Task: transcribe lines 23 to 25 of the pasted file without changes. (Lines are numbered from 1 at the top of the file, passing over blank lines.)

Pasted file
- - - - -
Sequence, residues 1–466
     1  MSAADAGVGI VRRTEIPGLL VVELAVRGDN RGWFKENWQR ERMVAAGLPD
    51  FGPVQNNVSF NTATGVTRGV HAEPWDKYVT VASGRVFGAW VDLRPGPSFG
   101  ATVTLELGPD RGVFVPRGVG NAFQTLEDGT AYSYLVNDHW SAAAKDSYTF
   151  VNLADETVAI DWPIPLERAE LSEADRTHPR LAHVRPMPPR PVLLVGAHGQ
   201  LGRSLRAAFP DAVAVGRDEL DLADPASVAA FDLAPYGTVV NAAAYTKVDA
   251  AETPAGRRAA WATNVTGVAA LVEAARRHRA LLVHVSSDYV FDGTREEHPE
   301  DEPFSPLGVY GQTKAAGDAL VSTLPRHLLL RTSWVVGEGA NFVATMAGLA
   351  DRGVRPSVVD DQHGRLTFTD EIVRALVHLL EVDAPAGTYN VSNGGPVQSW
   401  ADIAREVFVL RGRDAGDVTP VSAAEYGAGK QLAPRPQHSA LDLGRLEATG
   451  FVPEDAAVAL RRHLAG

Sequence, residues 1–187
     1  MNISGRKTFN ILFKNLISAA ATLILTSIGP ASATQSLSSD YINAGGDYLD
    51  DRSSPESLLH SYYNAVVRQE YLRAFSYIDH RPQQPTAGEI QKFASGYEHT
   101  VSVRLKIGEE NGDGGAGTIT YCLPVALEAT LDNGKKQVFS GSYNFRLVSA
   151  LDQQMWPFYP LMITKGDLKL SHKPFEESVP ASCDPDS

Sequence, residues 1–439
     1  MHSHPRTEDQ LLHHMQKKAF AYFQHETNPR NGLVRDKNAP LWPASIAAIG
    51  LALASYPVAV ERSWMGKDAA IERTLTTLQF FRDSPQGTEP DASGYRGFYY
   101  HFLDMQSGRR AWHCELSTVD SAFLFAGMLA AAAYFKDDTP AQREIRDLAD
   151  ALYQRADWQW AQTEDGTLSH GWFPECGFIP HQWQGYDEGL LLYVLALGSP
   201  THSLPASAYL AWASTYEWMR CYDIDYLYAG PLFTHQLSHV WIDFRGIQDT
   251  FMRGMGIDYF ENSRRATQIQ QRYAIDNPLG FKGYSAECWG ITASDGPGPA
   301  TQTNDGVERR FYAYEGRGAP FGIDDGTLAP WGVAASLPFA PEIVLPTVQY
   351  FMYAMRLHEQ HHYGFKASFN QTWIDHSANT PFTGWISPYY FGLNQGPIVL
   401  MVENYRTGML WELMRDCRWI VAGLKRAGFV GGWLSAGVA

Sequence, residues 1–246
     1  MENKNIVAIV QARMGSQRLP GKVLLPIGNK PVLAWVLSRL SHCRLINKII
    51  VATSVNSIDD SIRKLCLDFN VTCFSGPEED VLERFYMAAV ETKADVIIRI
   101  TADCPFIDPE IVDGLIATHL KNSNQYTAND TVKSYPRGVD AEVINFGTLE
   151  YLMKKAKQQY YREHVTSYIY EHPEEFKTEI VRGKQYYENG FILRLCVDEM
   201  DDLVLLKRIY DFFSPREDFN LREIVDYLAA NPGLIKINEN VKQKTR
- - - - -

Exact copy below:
   251  FMRGMGIDYF ENSRRATQIQ QRYAIDNPLG FKGYSAECWG ITASDGPGPA
   301  TQTNDGVERR FYAYEGRGAP FGIDDGTLAP WGVAASLPFA PEIVLPTVQY
   351  FMYAMRLHEQ HHYGFKASFN QTWIDHSANT PFTGWISPYY FGLNQGPIVL